Reports of Cases Argued and Determined in the Circuit Court of the United States for the First Circuit, Volume 1

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Page 455 - When committed upon the high seas, or on any other waters within the admiralty and maritime jurisdiction of the United States and out of the jurisdiction of any particular State...
Page 371 - that the laws of the several States, except where the Constitution, treaties, or statutes of the United States shall otherwise require or provide, shall be regarded as rules of decision in trials at common law in the courts of the United States, in cases where they apply.
Page 411 - The navigation of the river Mississippi from its source to the ocean, shall forever remain free and open to the subjects of Great Britain and the citizens of the United States.
Page 450 - And shall have exclusive cognizance of all crimes and offences cognizable under the authority of the United States, except where this act otherwise provides, or the laws of the United States shall otherwise direct, and concurrent jurisdiction with the district courts of the crimes and offences cognizable therein.
Page 437 - The judicial power of the United States is vested in the Supreme Court, and such inferior courts as Congress may, from time to time, ordain and establish.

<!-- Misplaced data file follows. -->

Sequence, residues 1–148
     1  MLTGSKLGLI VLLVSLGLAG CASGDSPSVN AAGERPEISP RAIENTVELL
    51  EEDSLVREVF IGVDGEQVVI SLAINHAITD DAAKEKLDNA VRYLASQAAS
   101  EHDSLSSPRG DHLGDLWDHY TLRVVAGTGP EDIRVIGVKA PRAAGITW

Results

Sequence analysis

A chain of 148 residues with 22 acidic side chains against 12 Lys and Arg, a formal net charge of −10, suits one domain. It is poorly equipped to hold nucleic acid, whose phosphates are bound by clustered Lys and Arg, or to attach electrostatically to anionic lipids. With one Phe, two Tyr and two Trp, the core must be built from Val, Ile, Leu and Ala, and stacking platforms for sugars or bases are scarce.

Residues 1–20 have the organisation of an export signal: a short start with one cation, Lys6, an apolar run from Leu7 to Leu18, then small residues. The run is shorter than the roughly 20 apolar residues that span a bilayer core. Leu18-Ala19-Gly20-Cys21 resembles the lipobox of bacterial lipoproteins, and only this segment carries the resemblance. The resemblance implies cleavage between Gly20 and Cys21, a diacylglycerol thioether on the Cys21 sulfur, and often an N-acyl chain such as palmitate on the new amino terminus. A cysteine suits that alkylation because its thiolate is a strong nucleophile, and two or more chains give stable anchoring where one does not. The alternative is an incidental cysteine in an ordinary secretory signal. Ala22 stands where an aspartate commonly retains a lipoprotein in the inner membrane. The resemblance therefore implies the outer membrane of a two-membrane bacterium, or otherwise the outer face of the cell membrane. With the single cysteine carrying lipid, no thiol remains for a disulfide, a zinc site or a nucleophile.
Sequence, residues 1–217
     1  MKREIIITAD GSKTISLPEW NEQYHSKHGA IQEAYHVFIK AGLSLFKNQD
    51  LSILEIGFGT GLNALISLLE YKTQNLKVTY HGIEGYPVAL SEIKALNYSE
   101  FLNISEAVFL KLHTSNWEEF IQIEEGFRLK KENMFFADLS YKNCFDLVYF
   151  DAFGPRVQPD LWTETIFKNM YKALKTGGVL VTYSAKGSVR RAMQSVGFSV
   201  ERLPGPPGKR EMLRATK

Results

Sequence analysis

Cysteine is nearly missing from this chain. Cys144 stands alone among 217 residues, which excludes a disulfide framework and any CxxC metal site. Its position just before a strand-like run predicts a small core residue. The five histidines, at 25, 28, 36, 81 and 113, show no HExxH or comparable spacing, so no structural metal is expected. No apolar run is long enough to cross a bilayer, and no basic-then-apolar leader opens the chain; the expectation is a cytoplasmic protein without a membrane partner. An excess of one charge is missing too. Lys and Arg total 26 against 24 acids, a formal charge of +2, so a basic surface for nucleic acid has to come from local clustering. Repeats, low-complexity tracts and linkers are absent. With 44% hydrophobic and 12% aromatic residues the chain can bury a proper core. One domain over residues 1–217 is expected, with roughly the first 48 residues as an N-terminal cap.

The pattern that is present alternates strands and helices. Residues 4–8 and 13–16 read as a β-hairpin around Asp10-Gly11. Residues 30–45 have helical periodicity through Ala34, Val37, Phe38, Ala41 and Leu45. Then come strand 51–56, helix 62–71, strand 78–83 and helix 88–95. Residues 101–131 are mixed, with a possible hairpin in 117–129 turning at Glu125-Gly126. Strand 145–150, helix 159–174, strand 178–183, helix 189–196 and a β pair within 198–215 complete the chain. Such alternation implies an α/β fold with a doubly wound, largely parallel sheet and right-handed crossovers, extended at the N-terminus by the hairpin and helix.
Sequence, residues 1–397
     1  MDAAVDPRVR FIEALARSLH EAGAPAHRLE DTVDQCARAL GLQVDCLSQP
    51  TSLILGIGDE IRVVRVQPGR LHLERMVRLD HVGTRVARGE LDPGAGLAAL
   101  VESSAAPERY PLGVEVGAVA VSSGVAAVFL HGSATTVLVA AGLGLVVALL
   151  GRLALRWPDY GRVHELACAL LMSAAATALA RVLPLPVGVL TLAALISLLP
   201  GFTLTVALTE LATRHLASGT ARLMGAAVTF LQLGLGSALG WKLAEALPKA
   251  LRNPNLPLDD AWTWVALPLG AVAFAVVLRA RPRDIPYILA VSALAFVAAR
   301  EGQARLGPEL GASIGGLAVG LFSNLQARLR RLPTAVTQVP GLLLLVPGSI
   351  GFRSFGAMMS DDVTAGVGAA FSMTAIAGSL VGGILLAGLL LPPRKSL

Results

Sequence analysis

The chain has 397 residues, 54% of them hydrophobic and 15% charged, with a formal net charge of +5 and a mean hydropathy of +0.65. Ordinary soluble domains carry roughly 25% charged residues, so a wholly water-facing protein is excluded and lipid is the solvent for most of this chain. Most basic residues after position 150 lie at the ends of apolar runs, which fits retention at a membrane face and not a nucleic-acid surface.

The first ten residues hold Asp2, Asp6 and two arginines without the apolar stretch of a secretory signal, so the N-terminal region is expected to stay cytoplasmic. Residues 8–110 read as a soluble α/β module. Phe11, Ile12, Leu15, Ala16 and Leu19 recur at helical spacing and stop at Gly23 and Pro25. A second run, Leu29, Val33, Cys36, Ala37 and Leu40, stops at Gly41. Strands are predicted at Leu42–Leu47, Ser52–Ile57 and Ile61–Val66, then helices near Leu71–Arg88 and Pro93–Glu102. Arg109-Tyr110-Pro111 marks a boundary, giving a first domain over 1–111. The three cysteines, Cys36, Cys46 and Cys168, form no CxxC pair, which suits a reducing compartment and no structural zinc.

Page 442 - The notion has frequently been entertained that the Federal courts derive their judicial power immediately from the Constitution ; but the political truth is that the disposal of the judicial power, except in a few specified instances, belongs to Congress.
Page 23 - Every petition for a rehearing shall contain the special matter or cause on which such rehearing is applied for, shall be signed by counsel, and the facts therein stated, if not apparent on the record, shall be verified by the oath of the party or by some other person.
Page xiii - Blessed are the dead that die in the Lord ! for they rest from their labors, and their works do follow them.
Page 433 - This exclusive delegation, or rather this alienation of state sovereignty, would only exist in three cases; where the constitution in express terms granted an exclusive authority to the union; where it granted, in one instance, an authority to the union; and in another, prohibited the states from exercising the like authority ; and whero it granted an authority to the union, to which a similar authority in the states would be absolutely and totally contradictory and repugnant.

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